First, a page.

On Thursday, External Affairs Minister G.L. Peiris briefed Colombo-based diplomats. He told them that the government would ask the UN not to publish the report. This was because the government would use it as a resource for the Lessons Learnt and Reconciliation Commission (LLRC). Why a ‘misleading and baseless’ report would be a resource document for the LLRC is another matter. However, the UN Panel had made some stinging strictures against the LLRC itself and its composition.
Peiris later addressed a news conference. He announced that the government had asked the UN not to publish the Panel’s report or take action on it. He said such a move would cause “irreparable damage to the process of reconciliation with the Tamil community.”
On the same day, the UN in New York rejected Peiris’ call. “It remains our intention to publish the report in full and without amendments,” U.N. deputy spokesperson Farhan Haq told reporters. “We are continuing our discussions with the Sri Lanka government. We are giving them a fair opportunity for the right of response. But this opportunity is not indefinite. We are waiting for a response. We may release the report as soon as posssible, maybe even later today.” However, the report was not released on Thursday evening New York time, nor later in the week as the UN staff took a Good Friday/Easter holiday thereafter and shut down their offices.
Due to the intervening weekend, the report will in all likelihood be released tomorrow, according to UN officials in New York. Lyn Pascoe, UN Under Secretary General for Political Affairs, had delayed its release in the hope of a government response. That was in the form of a statement acknowledging the UN Panel’s report. In Colombo, however, the government has rejected the report outright.
May Day protest
May Day (May 1), synonymous with international worker’s or labour day, this time will be devoted almost entirely as an event to protest against the findings in the UN Panel report. Mustering a large crowd to throng the Colombo Town Hall grounds and its environs for this is a move akin to conducting Sri Lanka’s diplomacy on the streets. Yet, the government wants to send a strong message to the UN and the international community that Sri Lankans “overwhelmingly” backed President Rajapaksa on the issue. The President’s Office has already sent out an invitation for Opposition and United National Party (UNP) leader Ranil Wickremesinghe to meet Rajapaksa. Wickremesinghe returned from a European visit only on Thursday.
It is still not clear whether he will go for the meeting alone or with a delegation from his party. According to UPFA sources, Rajapaksa wants to forge a consensus with the main opposition and ascertain the prospects of a joint UPFA-UNP statement condemning the Panel report. The UNP position is that the government had allowed the UN a foot in the door by not challenging its suggestion for “an accountability process for addressing violations of international humanitarian and human rights law” when Rajapaksa met Ban-Ki-moon in Kandy soon after the conclusion of the ‘war’ and had the reference included in the joint statement issued afterwards; then calling the panel “illegal”; and then giving it recognition by sending a government delegation of officials to meet the Panel and secretly argue Sri Lanka’s case.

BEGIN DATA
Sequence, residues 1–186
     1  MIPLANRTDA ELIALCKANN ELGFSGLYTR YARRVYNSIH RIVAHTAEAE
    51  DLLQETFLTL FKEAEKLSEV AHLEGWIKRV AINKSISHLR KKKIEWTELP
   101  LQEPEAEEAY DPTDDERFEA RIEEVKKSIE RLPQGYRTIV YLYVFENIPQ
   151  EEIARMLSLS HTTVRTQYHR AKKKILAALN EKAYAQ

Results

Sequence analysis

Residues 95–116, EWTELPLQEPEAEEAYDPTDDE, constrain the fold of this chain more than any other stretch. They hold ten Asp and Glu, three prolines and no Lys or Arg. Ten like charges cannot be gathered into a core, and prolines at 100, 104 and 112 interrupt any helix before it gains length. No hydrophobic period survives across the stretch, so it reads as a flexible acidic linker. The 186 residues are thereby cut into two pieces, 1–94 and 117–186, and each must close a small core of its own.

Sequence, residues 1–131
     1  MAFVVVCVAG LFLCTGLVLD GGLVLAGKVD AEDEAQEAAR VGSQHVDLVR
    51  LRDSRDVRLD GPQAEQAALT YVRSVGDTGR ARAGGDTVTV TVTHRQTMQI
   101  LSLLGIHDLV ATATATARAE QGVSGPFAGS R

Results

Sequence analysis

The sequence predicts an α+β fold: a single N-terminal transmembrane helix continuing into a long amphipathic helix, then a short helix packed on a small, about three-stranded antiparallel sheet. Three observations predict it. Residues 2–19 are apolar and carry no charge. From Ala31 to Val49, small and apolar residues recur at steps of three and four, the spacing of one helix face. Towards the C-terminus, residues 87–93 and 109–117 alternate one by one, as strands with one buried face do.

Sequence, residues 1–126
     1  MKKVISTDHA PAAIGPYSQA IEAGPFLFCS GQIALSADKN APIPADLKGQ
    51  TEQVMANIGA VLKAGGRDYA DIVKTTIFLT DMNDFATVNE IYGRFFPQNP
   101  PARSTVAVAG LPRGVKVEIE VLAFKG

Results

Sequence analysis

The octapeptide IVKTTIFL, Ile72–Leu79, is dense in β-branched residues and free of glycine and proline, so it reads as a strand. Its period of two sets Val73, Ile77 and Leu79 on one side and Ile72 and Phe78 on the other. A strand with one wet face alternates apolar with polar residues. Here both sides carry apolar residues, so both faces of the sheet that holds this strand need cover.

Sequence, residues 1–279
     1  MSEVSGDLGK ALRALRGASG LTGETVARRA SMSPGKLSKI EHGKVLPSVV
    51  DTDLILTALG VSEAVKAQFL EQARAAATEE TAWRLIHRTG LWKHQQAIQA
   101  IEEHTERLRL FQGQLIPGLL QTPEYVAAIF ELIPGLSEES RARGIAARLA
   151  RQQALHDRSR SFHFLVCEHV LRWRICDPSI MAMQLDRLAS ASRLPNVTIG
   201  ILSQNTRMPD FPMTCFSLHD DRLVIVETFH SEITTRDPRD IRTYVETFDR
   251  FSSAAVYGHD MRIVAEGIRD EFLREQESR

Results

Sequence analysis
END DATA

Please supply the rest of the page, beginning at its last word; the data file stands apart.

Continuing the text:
By this action, the question of legitimacy of the UN panel is no longer an arguable point. The government surrendered that point by sending a delegation to meet the Panel. However, the UNP says that the entire issue cannot proceed towards any war crimes inquiry because Sri Lanka has not signed the Rome Statute that recognizes War Crimes Tribunals. The UNP is taking the credit for not signing the Rome Statute when it was in office between 2001-2004 thus protecting political leaders and senior military officers from any prosecutions in international tribunals. Nevertheless, the UNP points out that the UN findings can be used as a weapon against Sri Lanka’s human rights track record when it comes to dealings with the west on economic issues like the GSP plus.
Rajapaksa meanwhile also wants to send high-powered delegations to member countries of the Non Aligned Movement (NAM) to brief them on Sri Lanka’s position and seek their support as reported in the Sunday Times last week. Among the advantages of such a move, UPFA sources say, is the NAM support should the report of the UN panel come before the June sessions of the Human Rights Council in Geneva. Such a prospect emerged after the Panel recommended that the Geneva-based Human Rights Council reconsider its May 2009 Special Resolution on Sri Lanka. The Council at its eleventh special session had resolved to provide “assistance to Sri Lanka in the promotion and protection of human rights” by agreeing to a number of measures.
Beyond the fog of emotion and mounting hype of patriotism lay a plethora of bitter realities. Moderate sections within the government are worried that the aftermath of the big show of strength at the May Day rally may see a polarisation of hardline Sinhala polity. In such an event, addressing whatever grievances of the Tamil minority, would become even more difficult. Accentuating the situation, these sections fear, would be perhaps the widespread and unconscious acknowledgement of the consolidation of a Sinhala centre of power where Tamil minority rights would become irrelevant.